Other work produced during Sandburg’s Connemara years includes his only novel, Remembrance Rock, published in 1948; Always the Young Strangers, an autobiography covering the first 20 years of his life, published in 1953; and Abraham Lincoln: The Prairie Years and The War Years, published in 1954. He also traveled the country lecturing and reading poetry through many of those years, and in 1959 delivered the Lincoln Day address before a joint session of Congress. His last book of poetry, Honey and Salt, came out in 1963, and in 1964 President Lyndon Johnson presented Sandburg with the Presidential Medal of Freedom.
Janene Donovan, who has served as a park ranger at the Carl Sandburg Home Historic Site for 30 years, says some people had a false idea about how Sandburg spent his time at Connemara. “He got a letter saying, ‘How can you let your wife do all the work and all you do is sit around and write?’” she said. “He definitely was the main money maker—a third of his books were published here. He was also very supportive of his wife. He would insist that any photographers go to the barn with him and take pictures of him with the goats. Her world champion goat, Jennifer, is the only time there has been a goat in the people section of Time Magazine.”
Paula Sandburg, by comparison, did maintain a more rigorous schedule. While her husband would write late into the night and sleep long into the morning, she would rise at dawn to care for her prized Chikaming goat herd. At the peak of her operation, she had up to 300 goats. She would leave a thermos of coffee on the dining room table for her husband to start his day when he got up much later.
“She was milking 80 goats twice a day and breeding for milk production,” said Donovan. “Mrs. Sandburg could not drink cow’s milk. She thought it was important to breed for more milk and did a huge favor for a lot of people.” Her Grade A operation included the distribution of the goat milk to Biltmore Dairy in Asheville, Kalmia Dairy in Hendersonville, and Greenville Dairy in Greenville, South Carolina. She helped start the American Dairy Goat Association, based in Spindale, North Carolina, and served as its director for more than 10 years.
The Sandburgs had three daughters—Margaret, Janet, and Helga—who lived with them and helped them at Connemara. Margaret and Janet never married and always lived at home. Helga lived with them at Connemara for seven years with her two young children, John Paul and Paula, before remarrying and moving to Washington, D.C. in 1952.
“Helga was in charge of the dairy. She oversaw the dairy for her mom,” said Donovan. “When she remarried that was a big blow, and Mrs. Sandburg had to hire more help. The youngest daughter, Janet, fed all the baby goats, and Margaret mostly helped her dad.”
Descendants of Mrs. Sandburg’s goat herd remain at Connemara today, but they are no longer milked. Staff does breed the goats. The breeding season takes place each fall, and it’s expected that Connemara will see between eight and ten babies arrive in the spring of 2016.
“All are registered animals and each one is named,” said Donovan. They currently have 21 goats but are planning to sell three of them. “We try to sell the older ones and keep the younger ones. This year, the three are going to Georgia and South Carolina, but I have sold goats to Indiana, Ohio, and Pennsylvania.”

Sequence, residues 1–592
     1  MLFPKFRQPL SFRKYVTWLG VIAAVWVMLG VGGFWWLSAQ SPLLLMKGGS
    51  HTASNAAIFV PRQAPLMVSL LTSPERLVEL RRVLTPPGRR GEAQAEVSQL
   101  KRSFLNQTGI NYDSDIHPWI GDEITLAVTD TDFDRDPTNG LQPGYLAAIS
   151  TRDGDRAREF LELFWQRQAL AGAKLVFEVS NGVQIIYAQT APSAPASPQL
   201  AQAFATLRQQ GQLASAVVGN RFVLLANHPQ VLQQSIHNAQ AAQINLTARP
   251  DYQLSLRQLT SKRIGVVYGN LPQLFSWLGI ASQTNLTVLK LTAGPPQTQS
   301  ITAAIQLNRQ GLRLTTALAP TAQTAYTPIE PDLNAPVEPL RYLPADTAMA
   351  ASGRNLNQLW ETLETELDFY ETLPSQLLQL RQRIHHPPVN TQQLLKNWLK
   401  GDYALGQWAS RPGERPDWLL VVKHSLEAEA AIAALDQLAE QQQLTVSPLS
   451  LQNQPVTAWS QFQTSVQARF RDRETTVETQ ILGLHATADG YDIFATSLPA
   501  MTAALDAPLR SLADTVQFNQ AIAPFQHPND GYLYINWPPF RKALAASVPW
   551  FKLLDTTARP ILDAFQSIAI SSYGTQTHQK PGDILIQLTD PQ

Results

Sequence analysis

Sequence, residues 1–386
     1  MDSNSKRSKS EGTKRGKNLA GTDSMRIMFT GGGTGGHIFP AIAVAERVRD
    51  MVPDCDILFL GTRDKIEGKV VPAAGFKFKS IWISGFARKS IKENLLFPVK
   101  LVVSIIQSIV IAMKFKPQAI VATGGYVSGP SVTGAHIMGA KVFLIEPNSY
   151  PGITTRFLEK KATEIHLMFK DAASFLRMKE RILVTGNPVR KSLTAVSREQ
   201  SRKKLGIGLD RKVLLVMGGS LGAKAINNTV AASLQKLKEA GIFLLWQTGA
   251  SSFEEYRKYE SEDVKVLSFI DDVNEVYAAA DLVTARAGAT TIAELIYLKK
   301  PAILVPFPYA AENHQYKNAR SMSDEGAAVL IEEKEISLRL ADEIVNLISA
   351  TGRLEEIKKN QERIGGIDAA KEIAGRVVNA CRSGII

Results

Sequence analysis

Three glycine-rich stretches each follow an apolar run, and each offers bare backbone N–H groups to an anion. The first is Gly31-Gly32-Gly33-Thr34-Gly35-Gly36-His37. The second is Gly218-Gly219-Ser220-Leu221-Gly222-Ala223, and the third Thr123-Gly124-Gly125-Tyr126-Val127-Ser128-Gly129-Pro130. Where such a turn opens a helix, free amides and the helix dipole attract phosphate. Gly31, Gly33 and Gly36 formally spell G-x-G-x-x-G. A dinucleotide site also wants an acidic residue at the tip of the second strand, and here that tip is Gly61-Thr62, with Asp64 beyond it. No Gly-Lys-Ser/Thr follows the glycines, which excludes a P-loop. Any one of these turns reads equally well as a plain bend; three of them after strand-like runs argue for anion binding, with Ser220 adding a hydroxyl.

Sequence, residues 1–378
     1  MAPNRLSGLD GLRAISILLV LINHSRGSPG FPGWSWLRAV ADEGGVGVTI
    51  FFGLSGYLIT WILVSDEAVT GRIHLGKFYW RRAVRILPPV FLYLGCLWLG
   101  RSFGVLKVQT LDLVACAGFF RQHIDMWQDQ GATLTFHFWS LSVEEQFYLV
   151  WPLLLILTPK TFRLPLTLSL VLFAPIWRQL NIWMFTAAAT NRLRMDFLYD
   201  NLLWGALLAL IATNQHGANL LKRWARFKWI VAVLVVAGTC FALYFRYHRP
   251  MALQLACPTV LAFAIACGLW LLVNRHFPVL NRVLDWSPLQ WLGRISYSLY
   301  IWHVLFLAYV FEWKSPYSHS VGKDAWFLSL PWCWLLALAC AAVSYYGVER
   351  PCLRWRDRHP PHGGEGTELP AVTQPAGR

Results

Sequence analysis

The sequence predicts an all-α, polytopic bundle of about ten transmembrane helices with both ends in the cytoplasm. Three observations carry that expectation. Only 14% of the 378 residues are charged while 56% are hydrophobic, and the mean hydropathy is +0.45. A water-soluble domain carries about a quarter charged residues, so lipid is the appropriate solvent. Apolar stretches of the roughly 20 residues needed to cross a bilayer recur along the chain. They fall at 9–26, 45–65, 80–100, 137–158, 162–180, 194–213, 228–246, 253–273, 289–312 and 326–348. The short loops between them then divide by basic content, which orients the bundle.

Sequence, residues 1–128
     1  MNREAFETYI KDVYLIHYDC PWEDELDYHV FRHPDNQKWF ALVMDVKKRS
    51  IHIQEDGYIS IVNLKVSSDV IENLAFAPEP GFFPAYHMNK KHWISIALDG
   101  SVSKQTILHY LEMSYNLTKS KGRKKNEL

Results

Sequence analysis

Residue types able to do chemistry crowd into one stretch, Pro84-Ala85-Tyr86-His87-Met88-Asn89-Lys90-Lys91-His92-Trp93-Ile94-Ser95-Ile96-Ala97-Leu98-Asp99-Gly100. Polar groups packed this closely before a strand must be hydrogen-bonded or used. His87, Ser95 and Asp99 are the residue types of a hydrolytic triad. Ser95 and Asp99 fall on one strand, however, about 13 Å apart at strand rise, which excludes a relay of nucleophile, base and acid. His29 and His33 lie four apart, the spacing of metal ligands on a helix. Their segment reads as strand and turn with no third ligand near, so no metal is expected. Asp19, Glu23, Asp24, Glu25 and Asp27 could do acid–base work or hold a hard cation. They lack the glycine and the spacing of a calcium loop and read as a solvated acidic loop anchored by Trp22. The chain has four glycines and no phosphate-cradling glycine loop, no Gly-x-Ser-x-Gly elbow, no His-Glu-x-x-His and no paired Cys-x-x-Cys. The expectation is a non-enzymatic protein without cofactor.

Visitors are welcome to walk to the barn and interact with the goats there. Donovan says feedings take place at 9AM and 4PM, and guests can help brush the goats. “They’re so cool, because they’re so safe,” she said. “With a lot of animals you have to worry about getting bitten, but goats don’t hurt people. They are just a great animal to have around even little, tiny kids.”
In addition to spending time at the barn, there are five miles of hiking trails on the property that will give visitors a glimpse of some of the scenic beauty and natural solitude that inspired Sandburg as he gathered ideas while roaming. The park service website says he would sharpen the pencil he carried with him with his pocketknife. Most of the trails are easy to moderate and include the Big Glassy Mountain Trail, Little Glassy Trail, and a trail that goes around the front lake, among others. There’s a handy .pdf map of all the trails at the Sandburg home online that you can print out and take with you or use to do some pre-planning of where you want to hike. You can access it here: www.nps.gov/carl/planyourvisit/upload/TM-2012.pdf
50th Anniversary in 2018
Contents of the house are expected to return in late 2018, just in time for the 50th anniversary of National Park Service ownership of Connemara. Workers will then begin the painstaking task of placing each item back in the home in the exact spot where it was when the Sandburgs lived there.
“Every single object has a catalog number,” says Perschall. “We will know exactly where the objects go. It’s incredibly well documented. That’s why it’s taken a year to get packed.”
Even with clear documentation, it doesn’t mean unpacking will be speedy. “It will take as long to unpack as it did to pack,” said Farris. “We might not look normal again until 2019.”
She says the “hands-off” philosophy of the past may give way to the increased desire to give visitors a more interactive experience. “No touching will become a thing of the past in the next 50 years,” Farris added. “People want to interact. We’re really aware and thinking of creative ways to find that balance between preservation and engaging visitors. We don’t know what that will look like yet.”